Phish guitar player Trey Anastasio during Tuesday’s concert at the Bangor Waterfront. Credit: Gabor Degre

Trey Anastasio, Page McConnell, Mike Gordon and Jon Fishman — the musicians that for the past 35 years have performed as Phish — took the stage in Bangor on Tuesday night for the first of two shows at the Darling’s Waterfront Pavilion.

Credit: Gabor Degre

Tuesday marked Phish’s 45th show in Maine over the decades and its first in Bangor since 2013, when it first played the waterfront. The iconic jam band drew a nearly sold-out crowd to the city to enjoy a concert that, despite a drizzle and cooler temperatures, was received joyfully by those in attendance.

Credit: Gabor Degre

The band started off its first set Tuesday with two songs from their early 2000s albums: a funky version of “46 Days,” off Phish’s 2002 album “Round Room,” and then “Back on the Train,” off 2000’s “Farmhouse.”

Anastasio then introduced a local politician to the stage — Fishman, who in 2017 was elected to the select board for the town of Lincolnville. Drummer Fishman has lived with his family in the Knox County town for more than a decade, where he owns the Lincolnville General Store.

Credit: Gabor Degre

Fishman took lead vocals for one of the shortest songs in Phish’s lengthy repertoire: “Ass Handed,” which the band has for the past year teased as the title song from Fishman’s proposed Broadway musical. The musical — extremely unlikely to ever see the light of day — remains a source of general amusement for band and fans alike.

“Vote Fishman in 2020!” shouted Anastasio, from the stage.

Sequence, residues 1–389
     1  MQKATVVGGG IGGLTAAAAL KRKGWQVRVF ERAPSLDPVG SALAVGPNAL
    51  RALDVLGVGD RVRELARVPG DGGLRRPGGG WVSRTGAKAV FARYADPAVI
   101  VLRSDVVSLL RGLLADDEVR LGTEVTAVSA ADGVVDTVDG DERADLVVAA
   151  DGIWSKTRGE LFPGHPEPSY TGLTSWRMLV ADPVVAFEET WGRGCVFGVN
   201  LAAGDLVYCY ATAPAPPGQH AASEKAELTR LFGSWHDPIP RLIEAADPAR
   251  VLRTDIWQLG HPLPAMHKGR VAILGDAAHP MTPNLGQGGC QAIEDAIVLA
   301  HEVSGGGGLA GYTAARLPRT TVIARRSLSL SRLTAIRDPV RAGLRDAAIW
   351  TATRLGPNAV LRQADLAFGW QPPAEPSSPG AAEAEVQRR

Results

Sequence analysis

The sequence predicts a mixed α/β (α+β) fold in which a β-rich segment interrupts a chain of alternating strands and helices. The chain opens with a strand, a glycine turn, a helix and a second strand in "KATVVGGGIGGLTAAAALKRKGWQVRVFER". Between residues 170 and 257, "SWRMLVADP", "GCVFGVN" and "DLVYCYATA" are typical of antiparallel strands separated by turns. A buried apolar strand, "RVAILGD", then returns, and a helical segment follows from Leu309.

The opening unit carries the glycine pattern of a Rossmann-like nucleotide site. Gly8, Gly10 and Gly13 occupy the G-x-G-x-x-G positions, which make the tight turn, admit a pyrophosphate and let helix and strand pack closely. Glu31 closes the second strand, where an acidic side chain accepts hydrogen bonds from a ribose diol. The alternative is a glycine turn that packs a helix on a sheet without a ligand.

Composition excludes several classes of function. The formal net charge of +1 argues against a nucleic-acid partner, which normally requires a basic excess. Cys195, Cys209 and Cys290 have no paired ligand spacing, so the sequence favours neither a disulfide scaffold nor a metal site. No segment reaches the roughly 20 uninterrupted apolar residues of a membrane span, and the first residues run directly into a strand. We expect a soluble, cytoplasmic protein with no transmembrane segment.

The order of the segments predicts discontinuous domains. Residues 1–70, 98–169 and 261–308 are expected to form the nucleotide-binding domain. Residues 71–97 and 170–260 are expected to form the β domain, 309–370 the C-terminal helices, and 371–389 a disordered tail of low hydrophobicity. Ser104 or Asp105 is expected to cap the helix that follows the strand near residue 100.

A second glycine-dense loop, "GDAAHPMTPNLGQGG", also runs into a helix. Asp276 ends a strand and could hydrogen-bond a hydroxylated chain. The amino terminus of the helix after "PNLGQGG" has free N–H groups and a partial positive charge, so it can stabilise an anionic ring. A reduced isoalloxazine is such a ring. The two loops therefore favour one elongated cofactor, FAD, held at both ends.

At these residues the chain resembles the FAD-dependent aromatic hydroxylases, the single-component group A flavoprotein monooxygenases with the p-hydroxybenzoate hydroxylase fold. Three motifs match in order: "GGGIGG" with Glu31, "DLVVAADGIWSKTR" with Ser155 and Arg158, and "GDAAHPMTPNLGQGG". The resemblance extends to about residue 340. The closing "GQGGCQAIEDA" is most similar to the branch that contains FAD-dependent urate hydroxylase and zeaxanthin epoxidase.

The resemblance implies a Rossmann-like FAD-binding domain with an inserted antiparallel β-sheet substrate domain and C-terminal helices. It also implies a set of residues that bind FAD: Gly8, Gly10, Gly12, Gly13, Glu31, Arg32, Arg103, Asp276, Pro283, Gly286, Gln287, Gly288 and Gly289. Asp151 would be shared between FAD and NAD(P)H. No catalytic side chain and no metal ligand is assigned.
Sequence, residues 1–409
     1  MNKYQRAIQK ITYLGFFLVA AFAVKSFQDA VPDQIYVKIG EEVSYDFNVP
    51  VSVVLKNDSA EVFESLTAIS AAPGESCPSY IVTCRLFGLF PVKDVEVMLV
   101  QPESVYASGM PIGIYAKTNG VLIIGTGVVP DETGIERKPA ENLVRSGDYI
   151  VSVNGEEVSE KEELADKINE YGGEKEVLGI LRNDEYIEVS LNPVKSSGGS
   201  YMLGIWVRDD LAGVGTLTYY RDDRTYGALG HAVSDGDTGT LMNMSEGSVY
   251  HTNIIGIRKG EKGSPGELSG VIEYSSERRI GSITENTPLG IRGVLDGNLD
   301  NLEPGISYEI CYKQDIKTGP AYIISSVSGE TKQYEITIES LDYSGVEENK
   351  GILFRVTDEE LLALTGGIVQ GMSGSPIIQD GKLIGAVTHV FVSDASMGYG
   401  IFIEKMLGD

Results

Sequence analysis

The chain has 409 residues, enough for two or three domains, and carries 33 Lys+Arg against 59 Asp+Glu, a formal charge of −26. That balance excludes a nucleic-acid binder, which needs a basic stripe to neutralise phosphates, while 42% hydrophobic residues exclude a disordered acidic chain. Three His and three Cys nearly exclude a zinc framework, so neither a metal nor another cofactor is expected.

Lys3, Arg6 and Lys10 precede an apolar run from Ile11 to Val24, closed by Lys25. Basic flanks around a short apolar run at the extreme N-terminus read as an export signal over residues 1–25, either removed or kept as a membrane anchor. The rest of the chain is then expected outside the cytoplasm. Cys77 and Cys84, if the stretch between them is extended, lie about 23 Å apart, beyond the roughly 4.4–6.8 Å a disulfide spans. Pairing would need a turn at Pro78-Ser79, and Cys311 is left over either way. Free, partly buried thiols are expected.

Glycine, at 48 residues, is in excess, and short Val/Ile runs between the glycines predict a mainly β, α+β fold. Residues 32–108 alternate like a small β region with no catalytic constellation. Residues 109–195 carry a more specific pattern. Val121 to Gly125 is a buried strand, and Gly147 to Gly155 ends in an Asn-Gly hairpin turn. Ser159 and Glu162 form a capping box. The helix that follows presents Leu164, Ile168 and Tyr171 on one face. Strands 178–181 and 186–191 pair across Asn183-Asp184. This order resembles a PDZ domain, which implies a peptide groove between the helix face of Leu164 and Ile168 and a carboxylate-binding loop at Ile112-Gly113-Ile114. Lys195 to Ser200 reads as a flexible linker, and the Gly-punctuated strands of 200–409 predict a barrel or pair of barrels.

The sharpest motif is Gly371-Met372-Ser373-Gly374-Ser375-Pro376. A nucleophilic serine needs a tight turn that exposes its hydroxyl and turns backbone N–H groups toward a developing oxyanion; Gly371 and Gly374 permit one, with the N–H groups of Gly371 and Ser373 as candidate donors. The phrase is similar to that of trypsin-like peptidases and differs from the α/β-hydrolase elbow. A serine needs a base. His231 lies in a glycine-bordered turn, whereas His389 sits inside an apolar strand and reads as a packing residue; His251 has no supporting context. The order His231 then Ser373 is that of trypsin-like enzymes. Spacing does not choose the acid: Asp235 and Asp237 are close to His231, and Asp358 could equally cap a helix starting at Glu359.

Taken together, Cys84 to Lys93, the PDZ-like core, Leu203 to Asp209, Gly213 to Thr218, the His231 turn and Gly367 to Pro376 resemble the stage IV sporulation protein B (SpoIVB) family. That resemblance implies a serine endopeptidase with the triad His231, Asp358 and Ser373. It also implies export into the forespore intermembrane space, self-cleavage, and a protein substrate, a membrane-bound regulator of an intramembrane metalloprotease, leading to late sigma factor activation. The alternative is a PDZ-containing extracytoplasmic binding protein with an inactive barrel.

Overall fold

Credit: Gabor Degre

The first set was rounded out by several staples of Phish live shows, including “Bathtub Gin,” “Weekapaug Groove” and “Julius.”

Set No. 2 began as the sun went down and the drizzle began to turn into a slightly heavier rain, starting with “Down With Disease,” among the most popular Phish songs, which was extended into a mesmerizing rhythmic jam before segueing into “Play By Play,” a song that made its live debut for the band in October 2018.

Credit: Gabor Degre

Phish fans tend to disregard things like rain, wind, long lines or other inconveniences once the music starts. No matter what the weather is like before Anastasio, McConnell, Gordon and Fishman pick up their instruments, when the first beat is hit, the attitude changes almost immediately. Though there are lots of popular bands and artists that can draw similarly massive crowds to concerts, few have maintained such a devoted, relentlessly positive following for as many years as Phish.

Credit: Gabor Degre

A second Bangor concert from Phish is set for Wednesday evening, June 26.

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Emily Burnham

Emily Burnham is a Maine native and proud Bangorian, covering business, the arts, restaurants and the culture and history of the Bangor region.